Sri Pada: Myth, Legend and Geography in Sri Lanka
Sri Pada © Dominic Sansoni
The most famous physical feature of Ceylon is Adam's Peak, which is situated in the Ratnapura district. It is on the edge of the central massif but its surrounding group of mountains called the Wilderness of the Peak, is so extensive in comparison to the bulk of the other mountain groups that it appears to form a nucleus of its own, separate from the others. It is about 7500 ft high and, though it is the second highest peak in the land, its position in relation to the topography is so dominant that it stands out above all others.
The physical features of a land are often spoken of first, by a foreign visitor. Physical descriptions compare it to a pearl and a teardrop. Lying at the southern point of India its pendant shape appears like a drop of water as it falls. South of it there is nothing but the Antarctic. It is on the major sea route between West and East Asia and therefore was a trading station for the Arabs and a trading station and a colony for the Portuguese, the Dutch and the British. The Arabian Nights has possibly the first reference to it.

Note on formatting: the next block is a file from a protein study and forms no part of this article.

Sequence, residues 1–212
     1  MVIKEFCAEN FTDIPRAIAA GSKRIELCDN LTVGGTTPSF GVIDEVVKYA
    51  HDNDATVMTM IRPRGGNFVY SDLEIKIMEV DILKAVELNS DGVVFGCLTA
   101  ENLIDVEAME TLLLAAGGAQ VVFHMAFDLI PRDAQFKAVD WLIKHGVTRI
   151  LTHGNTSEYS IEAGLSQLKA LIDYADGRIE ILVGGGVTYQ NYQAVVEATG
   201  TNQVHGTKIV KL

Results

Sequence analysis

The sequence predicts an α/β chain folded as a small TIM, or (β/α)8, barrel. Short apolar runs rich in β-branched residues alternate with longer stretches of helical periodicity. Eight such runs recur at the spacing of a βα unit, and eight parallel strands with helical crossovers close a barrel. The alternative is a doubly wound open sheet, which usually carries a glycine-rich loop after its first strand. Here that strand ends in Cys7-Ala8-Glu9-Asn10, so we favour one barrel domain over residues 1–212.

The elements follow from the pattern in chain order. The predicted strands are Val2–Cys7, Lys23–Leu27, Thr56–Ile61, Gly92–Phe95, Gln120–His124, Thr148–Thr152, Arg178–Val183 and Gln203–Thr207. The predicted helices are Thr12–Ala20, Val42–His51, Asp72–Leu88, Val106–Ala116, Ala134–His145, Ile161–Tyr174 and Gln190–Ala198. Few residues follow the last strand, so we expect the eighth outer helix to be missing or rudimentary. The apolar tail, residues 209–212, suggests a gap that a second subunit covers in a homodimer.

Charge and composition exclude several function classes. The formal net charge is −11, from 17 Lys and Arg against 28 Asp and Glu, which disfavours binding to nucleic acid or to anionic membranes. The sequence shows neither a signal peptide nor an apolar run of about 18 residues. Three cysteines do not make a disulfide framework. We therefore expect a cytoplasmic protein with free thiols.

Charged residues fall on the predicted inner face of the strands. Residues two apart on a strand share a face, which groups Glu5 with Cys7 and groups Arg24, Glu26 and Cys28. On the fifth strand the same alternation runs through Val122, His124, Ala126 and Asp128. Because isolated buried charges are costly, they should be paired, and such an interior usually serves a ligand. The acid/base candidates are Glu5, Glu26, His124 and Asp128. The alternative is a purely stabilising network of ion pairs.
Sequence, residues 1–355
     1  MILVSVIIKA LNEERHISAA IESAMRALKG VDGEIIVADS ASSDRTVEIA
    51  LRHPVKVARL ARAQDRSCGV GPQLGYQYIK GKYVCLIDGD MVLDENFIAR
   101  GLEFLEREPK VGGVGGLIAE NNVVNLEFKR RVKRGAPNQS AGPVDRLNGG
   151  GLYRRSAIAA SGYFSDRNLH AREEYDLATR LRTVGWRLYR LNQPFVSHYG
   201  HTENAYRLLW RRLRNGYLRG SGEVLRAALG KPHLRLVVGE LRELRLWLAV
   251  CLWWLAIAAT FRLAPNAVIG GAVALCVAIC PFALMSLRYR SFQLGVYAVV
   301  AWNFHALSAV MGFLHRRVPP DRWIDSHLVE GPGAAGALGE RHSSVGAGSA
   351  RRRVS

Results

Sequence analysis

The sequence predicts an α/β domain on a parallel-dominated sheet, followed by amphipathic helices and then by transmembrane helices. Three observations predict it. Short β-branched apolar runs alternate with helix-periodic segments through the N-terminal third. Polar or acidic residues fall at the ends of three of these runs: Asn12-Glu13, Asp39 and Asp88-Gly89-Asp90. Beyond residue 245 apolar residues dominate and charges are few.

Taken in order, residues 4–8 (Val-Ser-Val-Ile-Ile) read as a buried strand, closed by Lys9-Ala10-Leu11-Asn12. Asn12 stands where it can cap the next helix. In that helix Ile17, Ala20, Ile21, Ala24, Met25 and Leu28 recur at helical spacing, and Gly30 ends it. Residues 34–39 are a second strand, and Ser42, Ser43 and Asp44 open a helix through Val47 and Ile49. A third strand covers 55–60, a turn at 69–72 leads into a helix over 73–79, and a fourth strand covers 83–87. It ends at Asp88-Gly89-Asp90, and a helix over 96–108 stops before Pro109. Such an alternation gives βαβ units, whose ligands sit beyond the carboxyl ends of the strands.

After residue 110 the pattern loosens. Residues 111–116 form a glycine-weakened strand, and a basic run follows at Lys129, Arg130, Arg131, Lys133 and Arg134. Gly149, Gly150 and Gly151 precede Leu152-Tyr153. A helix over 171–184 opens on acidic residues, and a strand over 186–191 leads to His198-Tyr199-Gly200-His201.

Now the island of Serendib lieth under the equinoctial line, its night and day both numbering twelve hours. It measureth eighty leagues long by a breadth of thirty and its width is bounded by a lofty mountain and a deep valley. The mountain is conspicuous from a distance of three days and it contains many rubies and other minerals, and spice trees of all sorts. I ascended that mountain and solaced myself with a view of its marvels which are indescribable and afterwards I returned to the King. (Sixth Voyage of Sindbad the Sailor, from The Thousand and One Arabian Nights)